I know I’m a little late getting this post out but Networking Field Day 23 was a jam-packed event with lots of things to digest. I wanted to share some quick thoughts about it here that should create some discussion amongst the community, hopefully.
- If you don’t believe that wireless is the new access edge, go look at Juniper. Their campus networking division is basically EX switching and Mist. That’s it. Remember how HPE called Aruba a “reverse acquisition” years ago? And how Aruba essentially took over the networking portion of HPE? Don’t be surprised to see Juniper getting more misty sooner rather than later. And that’s a good thing for everything that isn’t a carrier or service provider router.
- Network monitoring became telemetry and is now transforming into digital experience. What is the difference to me? Monitoring devices tells you point-in-time information. Telemetry gives you the story of those point-in-time measurements over the course of days or weeks and can help you find issues. Experience is all about how that looks to your users. Problems don’t always affect them the same way it might appear on a dashboard. Likewise, things you don’t always see in your alerts can affect users in unforeseen ways. Honestly, you’re going to have to have all three going forward if you want your employees and your customers to be happy.
- SD-WAN is moving away from being connectivity only. It’s starting to be focused on application experience and enablement. Sure, that means there’s some connectivity pieces under the hood. But, just like your mobile phone, you don’t care how your favorite app is communicating with the cloud as long as you can get there. Likewise, we are soon going to care less about our connectivity (as long as it works) and more about how quickly we can get our users to their favorite locations. Simplification indeed.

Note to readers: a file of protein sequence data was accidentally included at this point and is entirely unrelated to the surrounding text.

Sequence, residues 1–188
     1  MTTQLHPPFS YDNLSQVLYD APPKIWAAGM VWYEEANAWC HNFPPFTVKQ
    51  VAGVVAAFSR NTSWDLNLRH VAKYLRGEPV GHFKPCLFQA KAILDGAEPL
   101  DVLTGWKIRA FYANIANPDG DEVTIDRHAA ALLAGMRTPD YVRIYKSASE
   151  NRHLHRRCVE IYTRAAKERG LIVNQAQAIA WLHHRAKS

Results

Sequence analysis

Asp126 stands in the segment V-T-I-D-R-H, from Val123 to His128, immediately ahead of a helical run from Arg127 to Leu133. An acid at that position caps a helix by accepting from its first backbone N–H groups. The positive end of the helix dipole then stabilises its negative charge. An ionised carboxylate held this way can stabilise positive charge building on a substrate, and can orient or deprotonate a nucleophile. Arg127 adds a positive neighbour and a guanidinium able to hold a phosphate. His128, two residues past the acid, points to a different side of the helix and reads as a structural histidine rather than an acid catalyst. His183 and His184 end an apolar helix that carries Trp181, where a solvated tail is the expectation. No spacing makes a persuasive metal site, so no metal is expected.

- Whether we realize it or not, enterprise networking is going to change as we know it. Forget about your home networking connection. You’re going to have to get your home network inside the router to be more like an enterprise than a home. You need switches and enterprise APs to ensure your employees have the best connectivity. Yes, this means you’re going to have spend more money on your remote workers. And yes, this also means there’s a good chance the equipment is going to be used for non-business related traffic. But the alternative is to hamper your workers with substandard connectivity because not everyone can afford 802.11ax APs and gigabit switches on a remote worker budget.
Stay tuned for more coverage from Networking Field Day as well as some more networking thoughts!